Tuesday, 5 February 2013

Ceramic vs. Glass Kilns


The purposes of these two types of kiln differ, so insulation properties differ too. Ceramic kilns have high density brick insulation to retain the heat and slowly cool the contents from the top temperature to avoid breakage. Glass kilns have light weight insulation – whether brick or fibre - to cool quickly from the top temperature to avoid devitrification.



Considerations



Controllers are necessary for controlled soaks and cooling on glass kilns. Much simpler controls are sufficient for ceramics firings. So a ceramics kiln needs to have a controller added. This is a significant cost. If buying a ceramics kiln new for glass work, ensure it has a controller that can be used for glass.



A bathtub or coffin type kiln with controller

Heat distribution is different in the two. Glass kilns are shallow to get even heat distribution to the surface of the glass. Ceramic kilns have elements around the sides and frequently in the top, but may not have any in the door, if it is not top loading. This means the heat distribution in a ceramic kiln is not as even as in a glass kiln, which is not a problem for ceramics as so much heat is retained at the target temperature, it equalises as the kiln cools.


Ceramic kilns with elements on sides rather than top

Loading
Ceramic kilns up to 450 mm deep tend to be top loading, the ones with greater depth tend to have doors. Glass kilns are shallower and tend to have top – just the lid opens - , clamshell – the lid is the whole chamber which opens giving direct access to the floor of the kiln - or bell type – where the lid also forming the chamber is lifted from the base of the kiln and often the base is on wheels so another base of prepared work can be wheeled into place for firing before the kiln has completely cooled.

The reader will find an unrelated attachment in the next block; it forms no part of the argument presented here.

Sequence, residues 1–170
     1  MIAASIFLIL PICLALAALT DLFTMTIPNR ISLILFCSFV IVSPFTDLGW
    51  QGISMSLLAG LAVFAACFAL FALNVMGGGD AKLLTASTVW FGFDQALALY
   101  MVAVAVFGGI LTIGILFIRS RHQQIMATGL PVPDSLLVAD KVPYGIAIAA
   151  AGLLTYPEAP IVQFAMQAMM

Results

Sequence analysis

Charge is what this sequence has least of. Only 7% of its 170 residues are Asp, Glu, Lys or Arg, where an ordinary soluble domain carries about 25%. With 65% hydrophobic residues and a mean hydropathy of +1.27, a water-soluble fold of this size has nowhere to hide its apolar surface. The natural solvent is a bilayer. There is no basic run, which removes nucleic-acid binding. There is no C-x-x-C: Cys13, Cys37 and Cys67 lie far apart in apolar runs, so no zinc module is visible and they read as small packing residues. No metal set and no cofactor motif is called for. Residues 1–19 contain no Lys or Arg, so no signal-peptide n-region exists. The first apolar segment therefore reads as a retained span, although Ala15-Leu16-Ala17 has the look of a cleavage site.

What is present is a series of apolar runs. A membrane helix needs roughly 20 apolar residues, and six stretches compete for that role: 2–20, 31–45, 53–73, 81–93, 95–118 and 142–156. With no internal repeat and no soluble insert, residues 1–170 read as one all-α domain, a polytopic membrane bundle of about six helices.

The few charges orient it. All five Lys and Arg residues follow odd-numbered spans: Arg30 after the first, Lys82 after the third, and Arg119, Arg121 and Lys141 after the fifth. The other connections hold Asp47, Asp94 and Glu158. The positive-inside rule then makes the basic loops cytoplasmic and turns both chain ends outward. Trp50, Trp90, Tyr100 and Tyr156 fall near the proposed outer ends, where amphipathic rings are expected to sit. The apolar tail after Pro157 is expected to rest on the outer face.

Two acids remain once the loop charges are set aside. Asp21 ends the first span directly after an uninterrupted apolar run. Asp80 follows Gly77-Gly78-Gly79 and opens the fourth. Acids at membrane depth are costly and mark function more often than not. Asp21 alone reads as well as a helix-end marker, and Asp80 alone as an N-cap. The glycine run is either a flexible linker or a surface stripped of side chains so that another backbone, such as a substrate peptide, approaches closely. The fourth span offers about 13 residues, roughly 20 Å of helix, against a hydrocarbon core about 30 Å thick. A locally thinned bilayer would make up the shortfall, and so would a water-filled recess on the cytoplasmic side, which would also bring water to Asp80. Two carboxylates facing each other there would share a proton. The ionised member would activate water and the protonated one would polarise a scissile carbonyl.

Large top hat kiln showing direct access to the kiln floor

Baffles are required in ceramic kilns because the heat is greater nearer the elements on the initial advance in temperature. These baffles avoid premature sealing of the edges of pieces causing large bubbles.

Firing on multiple levels is possible in ceramic once you have built up the experience.

Schedules have to take into account the greater mass of insulation in ceramic kilns.


Kiln with fibre insulation all around

Annealing and cooling tends to require different strategies to encourage the ceramics kiln to cool fast enough in the devitrification range, but can have the power turned off earlier after the annealing soak, because of the slower cooling.


Large front loading ceramic kiln

Ceramic kilns are ideal for casting.

Cost – ceramic kilns tend to cost less than glass ones and second hand ones have been more widely available. That may be changing now with the increasing popularity of glass fusing. 

The electricity costs are marginally higher in ceramic kilns than glass, because the mass of brick to be heated up is greater..

Space - Ceramic kilns tend to take up less floor space because they are deep or tall rather than broad.

Small top loading kiln with combination brick and fibre insulation